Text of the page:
On-scene size-up for primary search includes known life hazard vs. potential life hazard, occupant accountability/survivability, building construction, the size and extent of the fire, established water source, available equipment/staffing, windows/doors (egress). Another vital factor to consider is the experience of the individual firefighters conducting the primary search. An inexperienced firefighter may not recognize signs of imminent danger and may search too far without the protection of a charged handline. An experienced firefighter has been down the hallway before and may recall similar situations and avoid potential hazards. The mission is to save lives, not to get seriously injured or killed in the process.
Information gathering is critical to formulating your primary search mission—for example, information such as the following:
- A witness states that the victim was last seen in the second-floor bedroom in the rear or in an apartment in the basement or attic or that a mother and child were in the first-floor front room.
- A neighbor states the family is away on vacation.
- An occupant states that everyone is out of the house.
- It’s 2:00 a.m., there are cars in the driveway and bikes on the front porch, no one is on the front lawn, or it’s an apartment building at night with no one exiting building.
These are all clues as to whether the building has occupants or not.
Other size-up considerations include the following:
- The location and severity of fire in relationship to where victims are trapped.
- Color/density/velocity/volume of smoke in relationship to the point of entry.
- Is it possible that trapped occupants can survive with existing fire conditions?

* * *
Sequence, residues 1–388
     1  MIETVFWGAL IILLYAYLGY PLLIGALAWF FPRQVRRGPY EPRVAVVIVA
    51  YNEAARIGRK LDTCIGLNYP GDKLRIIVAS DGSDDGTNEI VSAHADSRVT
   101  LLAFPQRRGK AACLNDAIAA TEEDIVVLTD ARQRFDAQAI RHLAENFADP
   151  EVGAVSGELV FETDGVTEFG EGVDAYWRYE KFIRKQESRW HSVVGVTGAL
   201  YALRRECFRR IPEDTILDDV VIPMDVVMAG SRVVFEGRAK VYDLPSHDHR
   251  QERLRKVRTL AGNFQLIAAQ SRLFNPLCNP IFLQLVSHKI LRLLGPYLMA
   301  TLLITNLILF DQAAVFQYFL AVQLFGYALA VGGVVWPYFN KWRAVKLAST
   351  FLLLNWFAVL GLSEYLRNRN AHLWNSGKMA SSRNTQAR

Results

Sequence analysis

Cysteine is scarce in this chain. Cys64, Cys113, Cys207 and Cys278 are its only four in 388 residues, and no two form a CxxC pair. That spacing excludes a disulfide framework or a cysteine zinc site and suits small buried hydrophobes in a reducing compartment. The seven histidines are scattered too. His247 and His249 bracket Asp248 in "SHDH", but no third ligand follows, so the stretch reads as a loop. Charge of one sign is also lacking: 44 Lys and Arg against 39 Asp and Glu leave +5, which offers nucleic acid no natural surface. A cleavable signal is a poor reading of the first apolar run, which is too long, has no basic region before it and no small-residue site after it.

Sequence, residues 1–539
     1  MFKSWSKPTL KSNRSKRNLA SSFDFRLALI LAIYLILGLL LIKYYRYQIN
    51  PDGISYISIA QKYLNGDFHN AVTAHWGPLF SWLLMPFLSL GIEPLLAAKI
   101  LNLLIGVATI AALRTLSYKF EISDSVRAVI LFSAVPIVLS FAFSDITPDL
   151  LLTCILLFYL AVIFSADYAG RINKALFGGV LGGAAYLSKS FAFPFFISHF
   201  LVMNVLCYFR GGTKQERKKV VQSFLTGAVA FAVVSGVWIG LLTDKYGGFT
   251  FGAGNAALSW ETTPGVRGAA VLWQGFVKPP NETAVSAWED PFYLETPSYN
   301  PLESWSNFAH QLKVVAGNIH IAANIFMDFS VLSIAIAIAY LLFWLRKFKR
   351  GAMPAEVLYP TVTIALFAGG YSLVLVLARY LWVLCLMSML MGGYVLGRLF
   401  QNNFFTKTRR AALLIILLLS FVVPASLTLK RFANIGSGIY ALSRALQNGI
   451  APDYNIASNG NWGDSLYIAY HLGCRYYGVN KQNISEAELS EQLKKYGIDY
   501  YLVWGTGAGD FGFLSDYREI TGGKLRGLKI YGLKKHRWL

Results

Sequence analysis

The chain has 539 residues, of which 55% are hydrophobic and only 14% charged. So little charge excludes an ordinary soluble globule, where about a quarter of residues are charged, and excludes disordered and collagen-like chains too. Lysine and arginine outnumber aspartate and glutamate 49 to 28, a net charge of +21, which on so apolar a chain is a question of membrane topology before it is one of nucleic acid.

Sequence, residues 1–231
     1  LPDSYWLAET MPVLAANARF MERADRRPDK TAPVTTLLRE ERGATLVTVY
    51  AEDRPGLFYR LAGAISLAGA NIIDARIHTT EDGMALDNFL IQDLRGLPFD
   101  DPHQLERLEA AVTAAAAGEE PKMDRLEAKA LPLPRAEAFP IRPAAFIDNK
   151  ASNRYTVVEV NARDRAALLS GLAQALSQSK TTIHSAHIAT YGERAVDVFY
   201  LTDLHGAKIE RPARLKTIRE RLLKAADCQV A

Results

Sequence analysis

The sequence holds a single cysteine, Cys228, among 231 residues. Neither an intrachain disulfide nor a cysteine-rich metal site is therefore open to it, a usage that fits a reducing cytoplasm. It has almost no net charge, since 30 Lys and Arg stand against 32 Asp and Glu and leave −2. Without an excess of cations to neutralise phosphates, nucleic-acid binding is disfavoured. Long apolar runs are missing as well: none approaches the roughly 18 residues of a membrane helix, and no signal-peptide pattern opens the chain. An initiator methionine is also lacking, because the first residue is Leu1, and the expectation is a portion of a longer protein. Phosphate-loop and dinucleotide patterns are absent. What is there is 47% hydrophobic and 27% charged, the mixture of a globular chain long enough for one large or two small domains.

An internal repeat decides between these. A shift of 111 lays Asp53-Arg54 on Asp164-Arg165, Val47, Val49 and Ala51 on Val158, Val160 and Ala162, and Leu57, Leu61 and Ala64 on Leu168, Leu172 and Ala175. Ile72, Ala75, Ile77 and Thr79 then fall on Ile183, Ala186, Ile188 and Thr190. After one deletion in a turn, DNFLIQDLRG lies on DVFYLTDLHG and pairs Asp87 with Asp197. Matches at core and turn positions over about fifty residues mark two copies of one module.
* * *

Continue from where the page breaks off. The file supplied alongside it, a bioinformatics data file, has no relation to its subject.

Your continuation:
- Staffing at the scene: Will there be enough for a search team of two going interior with two firefighters outside (two in, two out)?
- Will the search team be conducting the primary search prior to having an established handline in place?
- Is there an established water source?
- Is the engine moving in and putting water on the fire?
There are building construction considerations as well:
- Wood frame (platform, balloon, lightweight), fire resistive, noncombustible, ordinary, residential/commercial, above grade/below grade/upper floor.
- Point of entry, front/side door main means of egress, upper-floor window, cellar entrance. Will the firefighters require a ground ladder or an aerial ladder?
When you have evaluated all these factors, you will have a sound plan to begin primary search.
Basic Search Techniques
When there is a known life hazard, our mission objective is very clear. The risk vs. reward factor is very high. The aggressiveness with which we conduct our primary search is adjusted accordingly. Aggressiveness does not equal “fast and furious”; that approach to primary search may result in missing landmarks and possibly becoming disoriented or trapped. Searching too quickly poses the possibility of searching past victims. A quality primary search is determined, controlled, deliberate, methodical, and thorough. The basic search techniques and methods presented here can help you conduct an effective primary search and accomplish the task of finding victims/fire while reducing the risk of becoming disoriented or trapped.